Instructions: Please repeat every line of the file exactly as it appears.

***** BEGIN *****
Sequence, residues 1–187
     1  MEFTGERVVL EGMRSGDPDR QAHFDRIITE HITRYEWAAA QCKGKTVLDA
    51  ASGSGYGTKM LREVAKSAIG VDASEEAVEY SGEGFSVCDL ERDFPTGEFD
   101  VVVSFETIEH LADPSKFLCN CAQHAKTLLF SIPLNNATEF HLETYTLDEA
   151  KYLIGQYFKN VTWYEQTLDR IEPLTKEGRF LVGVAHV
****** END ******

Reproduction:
Sequence, residues 1–187
     1  MEFTGERVVL EGMRSGDPDR QAHFDRIITE HITRYEWAAA QCKGKTVLDA
    51  ASGSGYGTKM LREVAKSAIG VDASEEAVEY SGEGFSVCDL ERDFPTGEFD
   101  VVVSFETIEH LADPSKFLCN CAQHAKTLLF SIPLNNATEF HLETYTLDEA
   151  KYLIGQYFKN VTWYEQTLDR IEPLTKEGRF LVGVAHV